Blog :: 03-2010

Brick Foundations- the stuff of nightmares

I work with a lot of first time home buyers and it's hard for them to resist the appeal of a Victorian home.  I mean who wouldn't love this?

It's like living in the doll house you had as a kid!

Besides the ghost that you may inherit from a 115 year old house, there's likely a bigger fright lurking in the basement-a brick foundation. Victorians were most often built with below-grade brick foundations.

A brick foundation consists of a brick wall, built with mortar and clay fired bricks, against the dirt underneath a house. Bricks themselves are actually made out of dirt-clay to be exact-and fired at high temperatures to make them strong. Burying a brick wall and exposing it to the constant moisture contained in our Pacific NW soil slowly degrades the brick. Brick and mortar cannot withstand high levels of moisture for over a hundred years.

And so the foundation of nearly all Victorians need to be re-built. Jacking up the house and re-pouring an entire foundation is not the typical weekend warrior project.

So, buyers, watch out for this frightful sight!

Basic Math

There are many reasons for you to buy property. Two very big ones are passive income and leveraged money. Let me explain:

Have you noticed that how much you earn relates to every hour you spend working? Every minute of your work life measured out in pennies? How can you get a head if you have to spend more of your precious time to make more money? You can't. That's why you must invest-so you can enjoy your weekend, and your investments can continue working. Real estate is one of those important investments.

Here's my example...I'm going to give you $10,000. What are you going to do with it? (OK, in this scenario humor me. You're going to buy a house.)

In the alternative example, you're going to go buy $10,000 worth of stock. Something moderately safe. When you go buy that stock (for the sake of simplicity) you get $10,000 worth of stock. That's it. When the stock goes up, you make 3% on your $10,000 ($300). Not bad-better than investing in your friends' bar tab.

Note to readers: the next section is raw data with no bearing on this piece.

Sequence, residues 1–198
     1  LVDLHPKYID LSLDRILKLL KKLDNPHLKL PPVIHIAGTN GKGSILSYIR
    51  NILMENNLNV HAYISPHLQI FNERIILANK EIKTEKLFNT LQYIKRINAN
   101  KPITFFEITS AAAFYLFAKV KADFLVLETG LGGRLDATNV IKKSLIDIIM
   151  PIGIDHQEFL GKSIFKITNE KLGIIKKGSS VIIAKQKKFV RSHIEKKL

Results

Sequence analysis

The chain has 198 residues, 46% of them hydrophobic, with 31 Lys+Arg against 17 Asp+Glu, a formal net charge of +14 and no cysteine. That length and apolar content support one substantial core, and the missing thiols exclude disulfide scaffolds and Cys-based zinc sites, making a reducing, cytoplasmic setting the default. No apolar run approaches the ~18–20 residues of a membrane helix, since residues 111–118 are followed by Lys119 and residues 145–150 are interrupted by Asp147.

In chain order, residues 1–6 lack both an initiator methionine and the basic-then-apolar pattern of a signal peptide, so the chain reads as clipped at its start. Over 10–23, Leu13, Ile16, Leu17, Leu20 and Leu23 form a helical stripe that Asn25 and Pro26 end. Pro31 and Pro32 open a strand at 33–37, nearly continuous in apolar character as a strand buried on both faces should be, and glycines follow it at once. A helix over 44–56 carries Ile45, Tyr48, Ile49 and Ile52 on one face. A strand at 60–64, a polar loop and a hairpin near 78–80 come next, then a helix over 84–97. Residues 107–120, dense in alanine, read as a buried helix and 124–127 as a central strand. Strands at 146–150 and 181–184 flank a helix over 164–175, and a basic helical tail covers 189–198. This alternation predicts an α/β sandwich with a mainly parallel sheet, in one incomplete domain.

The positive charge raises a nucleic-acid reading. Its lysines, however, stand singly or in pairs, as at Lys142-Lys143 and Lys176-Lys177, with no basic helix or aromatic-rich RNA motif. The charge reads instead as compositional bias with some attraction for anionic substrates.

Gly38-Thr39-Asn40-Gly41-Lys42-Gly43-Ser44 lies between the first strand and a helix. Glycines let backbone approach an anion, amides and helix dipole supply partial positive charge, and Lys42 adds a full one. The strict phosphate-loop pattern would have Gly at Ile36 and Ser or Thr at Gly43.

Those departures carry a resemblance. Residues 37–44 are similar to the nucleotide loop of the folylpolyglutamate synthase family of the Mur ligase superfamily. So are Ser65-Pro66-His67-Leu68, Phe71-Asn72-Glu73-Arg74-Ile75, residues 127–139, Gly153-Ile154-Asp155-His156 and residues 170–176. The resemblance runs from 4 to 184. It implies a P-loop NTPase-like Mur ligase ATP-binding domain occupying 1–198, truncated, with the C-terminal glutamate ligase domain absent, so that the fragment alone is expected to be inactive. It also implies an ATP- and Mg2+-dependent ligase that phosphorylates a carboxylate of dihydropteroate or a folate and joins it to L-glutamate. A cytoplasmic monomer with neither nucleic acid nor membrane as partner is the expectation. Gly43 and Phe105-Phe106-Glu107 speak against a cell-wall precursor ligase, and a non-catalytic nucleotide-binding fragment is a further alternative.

If you go buy a house (with a mortgage), you get $200,000 worth of stock for $10,000. Did you get that? You get $190,000 more "stock" when you buy real estate. So when housing prices go up (let's say 3%, to make it comparable to the stocks) you make 3% on $200,000. That's $6000 in gain!

All that, before you even got dressed for work.

Chimney Dust

You may have noticed I find chemical reactions (especially in the systems of a house) fascinating. And so, here's another... Have you gone into the basement and noticed the bottom of the furnace chimney has a circle around it of red dust? Ever wondered what that was? (I did-so you don't have to...) Most of the furnaces in Portland use the original brick chimneys to vent toxic gases outside. When a lot of these chimneys were built, they didn't have chimney caps. (Picture a little umbrella over your chimney. Or look at this image.)

One of the by products of burning fuel (especially coal, oil or wood) is creosote. Creosote contains sulfur. Creosote's the fancy name for the black ash that remains when you make a fire in your fireplace.

Without a chimney cap, rain water drops into the bottom of the chimney, and gets the creosote wet. Water and creosote interact chemically (in the bottom of your furnace's chimney) and produce sulfuric acid. Yes, sulfuric acid. That's the stuff that will eat a hole in just about anything-including brick. So, the sulfuric acid degrades the brick and creates that halo of dust around your chimney.

So the chimney sweep contractor's not just trying to sell you a chimney cap to make money-it'll lengthen the life of your furnace's chimney.